The discounted payback period is calculated by discounting the net cash flows of each and every period and cumulating the discounted cash flows until the amount of the initial investment is met. This requires the use of a discount rate which can be either a market interest rate or an expected return. Some organizations may also choose to apply an accounting interest rate or their weighted average cost of capital. This is a payback method which calculates the time period within which the initial investment will be recouped after considering the present value of future cash inflows of the project.

Payback Period vs. Discounted Payback Period

If you’re discounting at a rate of 10%, your payback period would be 5 years. Most capital budgeting formulas, such as net present value , internal rate of return , and discounted cash flow, consider the TVM. So if you pay an investor tomorrow, it must include an opportunity cost.

  • The next step is to subtract the number from 1 to obtain the percent of the year at which the project is paid back.
  • For example, if a company’s machinery has a 5-year life and is only valued $5000 at the end of that time, the salvage value is $5000.
  • The payback period value is a popular metric because it’s easy to calculate and understand.
  • Discounted Cash FlowDiscounted cash flow analysis is a method of analyzing the present value of a company, investment, or cash flow by adjusting future cash flows to the time value of money.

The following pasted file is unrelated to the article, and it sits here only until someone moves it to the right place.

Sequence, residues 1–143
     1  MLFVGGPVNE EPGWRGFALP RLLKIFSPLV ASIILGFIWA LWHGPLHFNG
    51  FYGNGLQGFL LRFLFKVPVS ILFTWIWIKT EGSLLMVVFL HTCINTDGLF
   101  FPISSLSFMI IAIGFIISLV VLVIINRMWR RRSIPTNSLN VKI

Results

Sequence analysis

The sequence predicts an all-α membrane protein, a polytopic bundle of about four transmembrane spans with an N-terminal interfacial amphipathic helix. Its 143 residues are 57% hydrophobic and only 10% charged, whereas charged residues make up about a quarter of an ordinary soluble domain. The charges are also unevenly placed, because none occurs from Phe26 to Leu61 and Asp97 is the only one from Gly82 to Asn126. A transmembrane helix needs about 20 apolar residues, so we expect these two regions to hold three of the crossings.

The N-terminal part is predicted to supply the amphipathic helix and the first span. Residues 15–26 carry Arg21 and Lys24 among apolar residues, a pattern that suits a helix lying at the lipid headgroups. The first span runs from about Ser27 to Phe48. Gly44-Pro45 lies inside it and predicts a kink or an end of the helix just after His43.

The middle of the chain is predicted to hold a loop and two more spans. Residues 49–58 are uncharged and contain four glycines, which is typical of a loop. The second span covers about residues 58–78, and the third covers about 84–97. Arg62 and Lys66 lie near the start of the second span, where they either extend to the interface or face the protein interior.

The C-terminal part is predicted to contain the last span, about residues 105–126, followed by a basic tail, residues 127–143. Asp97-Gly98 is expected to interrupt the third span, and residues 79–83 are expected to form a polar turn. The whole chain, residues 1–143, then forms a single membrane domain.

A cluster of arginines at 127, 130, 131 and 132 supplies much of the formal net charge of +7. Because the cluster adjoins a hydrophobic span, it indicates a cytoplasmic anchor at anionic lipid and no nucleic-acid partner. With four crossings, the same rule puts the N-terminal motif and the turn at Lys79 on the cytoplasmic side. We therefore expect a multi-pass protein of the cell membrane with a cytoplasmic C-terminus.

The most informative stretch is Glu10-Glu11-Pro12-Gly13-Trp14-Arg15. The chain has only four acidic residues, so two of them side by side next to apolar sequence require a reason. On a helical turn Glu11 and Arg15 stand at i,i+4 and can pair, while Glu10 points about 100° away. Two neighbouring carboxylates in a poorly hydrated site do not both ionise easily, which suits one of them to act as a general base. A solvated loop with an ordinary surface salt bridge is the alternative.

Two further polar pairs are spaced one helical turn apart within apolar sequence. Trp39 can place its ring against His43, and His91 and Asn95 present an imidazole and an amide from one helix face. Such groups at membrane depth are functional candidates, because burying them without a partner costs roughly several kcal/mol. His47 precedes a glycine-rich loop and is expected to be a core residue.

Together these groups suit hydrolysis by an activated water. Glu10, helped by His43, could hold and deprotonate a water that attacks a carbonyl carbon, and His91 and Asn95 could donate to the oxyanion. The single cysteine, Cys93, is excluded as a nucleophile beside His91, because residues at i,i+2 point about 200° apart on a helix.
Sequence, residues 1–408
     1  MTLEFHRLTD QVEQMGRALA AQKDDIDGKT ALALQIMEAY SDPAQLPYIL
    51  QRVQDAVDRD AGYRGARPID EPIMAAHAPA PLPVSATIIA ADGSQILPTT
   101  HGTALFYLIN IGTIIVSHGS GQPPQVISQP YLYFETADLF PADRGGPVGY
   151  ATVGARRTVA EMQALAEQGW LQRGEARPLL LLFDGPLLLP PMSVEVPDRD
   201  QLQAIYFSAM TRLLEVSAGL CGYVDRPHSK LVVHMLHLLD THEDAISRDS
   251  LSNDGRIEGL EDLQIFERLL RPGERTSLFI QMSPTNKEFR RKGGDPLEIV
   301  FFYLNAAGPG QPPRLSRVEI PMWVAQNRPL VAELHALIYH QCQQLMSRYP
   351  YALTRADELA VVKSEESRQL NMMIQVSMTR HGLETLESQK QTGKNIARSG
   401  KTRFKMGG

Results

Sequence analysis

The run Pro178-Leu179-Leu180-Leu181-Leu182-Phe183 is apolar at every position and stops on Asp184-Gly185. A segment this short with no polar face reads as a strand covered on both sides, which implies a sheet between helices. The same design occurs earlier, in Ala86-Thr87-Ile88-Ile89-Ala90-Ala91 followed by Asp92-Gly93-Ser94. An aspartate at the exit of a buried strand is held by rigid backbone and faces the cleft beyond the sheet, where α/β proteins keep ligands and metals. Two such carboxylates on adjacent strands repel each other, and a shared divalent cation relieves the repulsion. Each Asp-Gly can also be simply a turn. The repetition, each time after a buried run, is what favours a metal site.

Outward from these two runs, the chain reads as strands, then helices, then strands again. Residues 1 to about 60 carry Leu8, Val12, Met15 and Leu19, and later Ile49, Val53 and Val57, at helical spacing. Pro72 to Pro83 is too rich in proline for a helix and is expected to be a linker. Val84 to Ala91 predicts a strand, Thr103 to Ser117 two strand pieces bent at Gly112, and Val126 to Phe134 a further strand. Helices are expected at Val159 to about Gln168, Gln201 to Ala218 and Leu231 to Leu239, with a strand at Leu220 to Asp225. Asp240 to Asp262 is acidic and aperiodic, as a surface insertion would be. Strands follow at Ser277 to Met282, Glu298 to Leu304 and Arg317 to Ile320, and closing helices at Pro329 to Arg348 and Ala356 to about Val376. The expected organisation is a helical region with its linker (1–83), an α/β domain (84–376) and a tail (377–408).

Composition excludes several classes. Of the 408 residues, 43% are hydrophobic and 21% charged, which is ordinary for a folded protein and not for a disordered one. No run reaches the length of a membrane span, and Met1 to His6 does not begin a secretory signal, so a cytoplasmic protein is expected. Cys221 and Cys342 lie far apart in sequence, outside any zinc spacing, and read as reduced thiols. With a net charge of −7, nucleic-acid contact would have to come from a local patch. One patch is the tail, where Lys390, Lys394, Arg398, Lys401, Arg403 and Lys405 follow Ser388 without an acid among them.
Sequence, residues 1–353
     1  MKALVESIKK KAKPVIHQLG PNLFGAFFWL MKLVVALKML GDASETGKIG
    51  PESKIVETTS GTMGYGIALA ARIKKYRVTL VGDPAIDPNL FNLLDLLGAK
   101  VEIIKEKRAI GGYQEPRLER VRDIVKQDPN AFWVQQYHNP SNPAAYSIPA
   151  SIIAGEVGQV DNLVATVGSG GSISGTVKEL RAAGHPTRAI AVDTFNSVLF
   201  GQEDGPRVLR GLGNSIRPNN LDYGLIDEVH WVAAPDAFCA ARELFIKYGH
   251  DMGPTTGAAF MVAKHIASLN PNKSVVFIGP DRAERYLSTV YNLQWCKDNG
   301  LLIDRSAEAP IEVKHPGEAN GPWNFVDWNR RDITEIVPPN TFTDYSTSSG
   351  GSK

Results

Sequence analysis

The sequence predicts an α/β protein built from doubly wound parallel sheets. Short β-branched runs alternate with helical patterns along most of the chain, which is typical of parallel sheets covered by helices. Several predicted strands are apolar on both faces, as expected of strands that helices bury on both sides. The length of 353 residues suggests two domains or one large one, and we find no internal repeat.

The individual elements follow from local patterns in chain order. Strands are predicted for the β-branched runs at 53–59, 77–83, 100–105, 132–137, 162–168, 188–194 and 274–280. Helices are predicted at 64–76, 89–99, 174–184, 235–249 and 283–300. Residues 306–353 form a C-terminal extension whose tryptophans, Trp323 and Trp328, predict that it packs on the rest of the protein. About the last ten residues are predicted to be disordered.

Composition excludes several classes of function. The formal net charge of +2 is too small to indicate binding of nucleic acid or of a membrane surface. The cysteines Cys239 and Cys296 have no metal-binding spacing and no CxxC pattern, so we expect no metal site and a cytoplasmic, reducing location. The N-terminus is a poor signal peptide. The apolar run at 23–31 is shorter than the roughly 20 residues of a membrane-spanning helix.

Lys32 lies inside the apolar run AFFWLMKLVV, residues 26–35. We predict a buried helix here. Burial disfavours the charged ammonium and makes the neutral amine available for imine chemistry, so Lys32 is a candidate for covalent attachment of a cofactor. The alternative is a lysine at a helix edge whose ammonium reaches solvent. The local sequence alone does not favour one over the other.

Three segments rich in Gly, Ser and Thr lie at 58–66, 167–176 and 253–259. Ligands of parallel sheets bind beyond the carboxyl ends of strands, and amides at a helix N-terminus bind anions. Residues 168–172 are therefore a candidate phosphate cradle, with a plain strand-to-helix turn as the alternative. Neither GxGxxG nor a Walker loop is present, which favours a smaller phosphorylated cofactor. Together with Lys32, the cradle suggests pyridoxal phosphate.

Therefore, it discounted payback period definition 3.181 years in order to recover from the investment. Suppose a company is considering whether to approve or reject a proposed project. In real-life scenarios, depreciation is considered as it is unlikely an operating machine would remain optimal for an extended period.

One of the most important concepts every corporate financial analyst must learn is how to value different investments or operational projects to determine the most profitable project or investment to undertake. One way corporate financial analysts do this is with the payback period. A project may have a longer discounted payback period but also a higher NPV than another if it creates much more cash inflows after its discounted payback period. As can be seen the cumulative cash flows of both the projects turn positive in different years. The payback period of Project A is a little over 4 years whereas the payback period of Project B is a little over 6 years.

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This will include the overview, key definition, example calculation, advantages and limitation of discounted payback period that you should know. In this metric, future cash flows are anticipated and adjusted to get the time value of money. Based on the project’s risk profile and the returns on comparable investments, the discount rate – i.e., the required rate of return – is assumed to be 10%. The discounted payback period, in theory, is the more accurate measure, since fundamentally, a dollar today is worth more than a dollar received in the future.